Politics has trumped the final Cauvery award once again, at least for a while. “The Prime Minister is travelling” — would appear the weakest of excuses to put before the Supreme Court even for a peripatetic PM and his ministers. And yet, this is what was stated brazenly by the Centre to a bench headed by Chief Justice Dipak Misra. The issue here is not about just the few more days or weeks sought to implement the award as much as bringing into question the Supreme Court’s very authority. An institution offering the balance of power in a democracy, where the executive rules with legislative sanction, is already under fire thanks to its standing weakened by serious internal issues of administering the justice system. The Centre’s actions guided by the ruling party’s electoral ambitions with respect to the Karnataka election are a blatant snub to the majesty of our highest court.
A few weeks in the timeframe of a dispute said to go back to the 19th century, with the first proposal for a dam across the Cauvery river, may barely cause a ripple in the ocean of time. However, the scant regard paid to a final verdict given on February 16, which is likely to settle the dispute for the next 15 years at least, is tantamount to disregarding the court’s powers even more than being in contempt of its order. This would represent an existential crisis for the Supreme Court as well, if not for the sanguine belief that the Cauvery Management Board will be formed once the politics of the election is out of the way. The more is the pity as there was a fair balance between the drinking water needs of Bengaluru city and the thirsty rice bowl of Tamil Nadu’s Delta districts.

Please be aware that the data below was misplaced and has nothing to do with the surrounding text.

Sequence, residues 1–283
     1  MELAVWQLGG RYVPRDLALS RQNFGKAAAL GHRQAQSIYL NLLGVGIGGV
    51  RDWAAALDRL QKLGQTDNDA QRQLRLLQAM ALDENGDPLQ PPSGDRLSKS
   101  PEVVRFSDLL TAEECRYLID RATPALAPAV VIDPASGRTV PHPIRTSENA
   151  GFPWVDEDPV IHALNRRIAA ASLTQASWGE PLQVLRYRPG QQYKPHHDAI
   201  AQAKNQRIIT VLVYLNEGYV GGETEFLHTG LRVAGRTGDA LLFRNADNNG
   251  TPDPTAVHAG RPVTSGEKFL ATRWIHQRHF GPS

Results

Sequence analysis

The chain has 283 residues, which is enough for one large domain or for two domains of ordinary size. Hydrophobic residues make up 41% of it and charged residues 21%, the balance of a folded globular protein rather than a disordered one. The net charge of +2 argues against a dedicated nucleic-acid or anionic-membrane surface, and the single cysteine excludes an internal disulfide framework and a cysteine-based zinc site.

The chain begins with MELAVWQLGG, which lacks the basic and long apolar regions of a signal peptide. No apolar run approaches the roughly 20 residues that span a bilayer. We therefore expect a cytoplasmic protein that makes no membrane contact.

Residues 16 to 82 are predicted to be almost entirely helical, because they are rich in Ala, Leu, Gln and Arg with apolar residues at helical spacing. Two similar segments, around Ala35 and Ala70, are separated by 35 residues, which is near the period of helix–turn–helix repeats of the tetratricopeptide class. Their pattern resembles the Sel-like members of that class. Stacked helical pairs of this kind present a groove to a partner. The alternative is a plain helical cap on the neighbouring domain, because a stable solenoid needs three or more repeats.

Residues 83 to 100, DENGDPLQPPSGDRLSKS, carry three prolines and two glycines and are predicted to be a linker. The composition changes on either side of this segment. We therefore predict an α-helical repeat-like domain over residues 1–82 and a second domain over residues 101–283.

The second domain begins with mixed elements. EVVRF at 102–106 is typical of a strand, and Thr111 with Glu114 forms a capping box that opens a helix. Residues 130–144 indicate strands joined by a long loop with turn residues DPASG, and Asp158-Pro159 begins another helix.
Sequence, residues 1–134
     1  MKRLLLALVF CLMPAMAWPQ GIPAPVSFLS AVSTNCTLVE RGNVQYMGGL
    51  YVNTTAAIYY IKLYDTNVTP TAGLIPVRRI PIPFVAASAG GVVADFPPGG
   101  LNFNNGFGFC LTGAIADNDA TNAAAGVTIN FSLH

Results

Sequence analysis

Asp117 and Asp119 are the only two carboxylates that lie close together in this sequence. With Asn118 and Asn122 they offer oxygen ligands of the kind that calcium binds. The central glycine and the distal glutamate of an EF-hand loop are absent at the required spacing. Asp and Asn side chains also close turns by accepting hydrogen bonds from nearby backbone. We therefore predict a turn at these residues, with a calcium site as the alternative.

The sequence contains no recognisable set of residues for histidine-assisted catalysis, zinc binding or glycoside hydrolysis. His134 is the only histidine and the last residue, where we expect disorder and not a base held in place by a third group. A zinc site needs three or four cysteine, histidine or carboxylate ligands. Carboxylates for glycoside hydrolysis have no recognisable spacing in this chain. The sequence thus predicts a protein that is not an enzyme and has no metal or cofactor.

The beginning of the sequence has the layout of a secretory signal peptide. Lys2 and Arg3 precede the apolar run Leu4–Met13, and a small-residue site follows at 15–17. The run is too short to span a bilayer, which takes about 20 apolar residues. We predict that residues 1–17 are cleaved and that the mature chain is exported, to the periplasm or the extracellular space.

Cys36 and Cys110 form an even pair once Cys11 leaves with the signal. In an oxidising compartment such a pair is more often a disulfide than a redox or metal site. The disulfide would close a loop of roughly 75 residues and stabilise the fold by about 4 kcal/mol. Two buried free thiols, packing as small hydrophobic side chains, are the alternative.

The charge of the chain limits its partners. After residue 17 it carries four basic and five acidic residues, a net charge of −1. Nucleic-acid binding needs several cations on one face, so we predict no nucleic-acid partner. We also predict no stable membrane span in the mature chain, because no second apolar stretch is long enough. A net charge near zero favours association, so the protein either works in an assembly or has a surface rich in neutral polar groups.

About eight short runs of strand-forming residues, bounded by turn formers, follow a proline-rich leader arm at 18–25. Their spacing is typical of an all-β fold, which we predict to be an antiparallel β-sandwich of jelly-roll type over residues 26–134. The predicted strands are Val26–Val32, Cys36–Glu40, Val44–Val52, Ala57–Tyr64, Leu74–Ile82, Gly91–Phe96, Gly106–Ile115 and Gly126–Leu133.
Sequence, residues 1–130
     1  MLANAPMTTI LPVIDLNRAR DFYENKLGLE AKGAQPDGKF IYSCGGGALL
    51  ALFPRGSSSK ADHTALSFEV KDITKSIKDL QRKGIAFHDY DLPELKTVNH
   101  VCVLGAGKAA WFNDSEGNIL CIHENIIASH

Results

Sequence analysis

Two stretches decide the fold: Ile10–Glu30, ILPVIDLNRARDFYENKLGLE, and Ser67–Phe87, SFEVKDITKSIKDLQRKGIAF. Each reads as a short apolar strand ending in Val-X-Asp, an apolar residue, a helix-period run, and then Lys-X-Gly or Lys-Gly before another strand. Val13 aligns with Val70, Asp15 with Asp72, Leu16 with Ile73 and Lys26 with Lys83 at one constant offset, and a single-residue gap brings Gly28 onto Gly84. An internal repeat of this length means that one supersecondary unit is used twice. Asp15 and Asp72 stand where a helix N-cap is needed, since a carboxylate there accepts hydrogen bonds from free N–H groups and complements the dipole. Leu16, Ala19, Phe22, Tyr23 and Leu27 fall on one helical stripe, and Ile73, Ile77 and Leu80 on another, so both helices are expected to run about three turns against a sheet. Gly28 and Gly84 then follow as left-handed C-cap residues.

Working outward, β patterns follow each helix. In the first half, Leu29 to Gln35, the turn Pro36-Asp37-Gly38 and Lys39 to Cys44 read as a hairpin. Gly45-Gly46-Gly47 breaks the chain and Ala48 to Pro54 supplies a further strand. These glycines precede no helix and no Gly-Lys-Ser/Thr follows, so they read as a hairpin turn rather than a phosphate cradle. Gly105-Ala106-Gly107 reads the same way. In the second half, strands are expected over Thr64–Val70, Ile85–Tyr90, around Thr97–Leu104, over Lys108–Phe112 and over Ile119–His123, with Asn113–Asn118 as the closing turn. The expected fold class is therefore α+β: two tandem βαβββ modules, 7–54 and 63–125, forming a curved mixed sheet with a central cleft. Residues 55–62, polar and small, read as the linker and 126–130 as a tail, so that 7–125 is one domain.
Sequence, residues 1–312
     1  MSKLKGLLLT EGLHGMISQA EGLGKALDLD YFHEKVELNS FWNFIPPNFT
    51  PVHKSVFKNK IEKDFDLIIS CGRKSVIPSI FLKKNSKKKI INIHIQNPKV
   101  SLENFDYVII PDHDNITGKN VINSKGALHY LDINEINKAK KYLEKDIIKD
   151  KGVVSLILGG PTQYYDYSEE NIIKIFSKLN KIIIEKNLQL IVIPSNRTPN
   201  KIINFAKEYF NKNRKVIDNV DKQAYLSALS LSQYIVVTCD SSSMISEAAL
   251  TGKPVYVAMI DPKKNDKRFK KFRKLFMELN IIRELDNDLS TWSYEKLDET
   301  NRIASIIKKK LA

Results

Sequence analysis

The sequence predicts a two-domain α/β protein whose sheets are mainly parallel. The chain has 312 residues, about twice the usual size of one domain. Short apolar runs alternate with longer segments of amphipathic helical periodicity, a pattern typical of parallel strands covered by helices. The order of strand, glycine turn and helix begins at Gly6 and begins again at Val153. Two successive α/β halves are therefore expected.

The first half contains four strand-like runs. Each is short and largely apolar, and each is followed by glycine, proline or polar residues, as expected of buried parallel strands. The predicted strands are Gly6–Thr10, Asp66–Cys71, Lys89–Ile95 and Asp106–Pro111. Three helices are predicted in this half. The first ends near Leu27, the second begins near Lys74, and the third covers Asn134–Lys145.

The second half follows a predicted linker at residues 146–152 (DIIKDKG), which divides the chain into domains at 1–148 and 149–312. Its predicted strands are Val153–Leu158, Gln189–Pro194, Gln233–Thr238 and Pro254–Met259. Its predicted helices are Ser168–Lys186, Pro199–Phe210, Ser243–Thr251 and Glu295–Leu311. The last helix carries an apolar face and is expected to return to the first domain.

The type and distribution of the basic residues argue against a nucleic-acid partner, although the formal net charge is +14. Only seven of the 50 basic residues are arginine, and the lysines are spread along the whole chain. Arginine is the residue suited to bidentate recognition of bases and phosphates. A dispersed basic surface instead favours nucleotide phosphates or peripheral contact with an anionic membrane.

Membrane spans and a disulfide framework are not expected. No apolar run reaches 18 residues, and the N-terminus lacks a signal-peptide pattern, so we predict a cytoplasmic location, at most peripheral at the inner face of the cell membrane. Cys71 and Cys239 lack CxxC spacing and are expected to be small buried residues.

A flashpoint is already building over Karnataka’s suggestion to pack the Cauvery Management Board or “scheme” with minister-politicians of the four states. A deadline over release of water for Tamil Nadu for April and May is another challenge to a state that has shown extreme reluctance to get down to distribution of water resources so that they are shared equitably. While political compulsions in the run-up to the May 12 election are bound to be extreme, the biggest question is whether the lower riparian states can ever expect to get water as per the award, or will they only be left praying for rain so that the flow cannot be stopped for want of holding capacity? Tamil Nadu has averred in the court that this is a test for cooperative federalism itself. The court is committed to hearing out suggestions on the CMB from the Centre and the states, but unless it takes the lead in framing an iron-clad scheme for water sharing, the Cauvery river waters issue will fester for decades longer.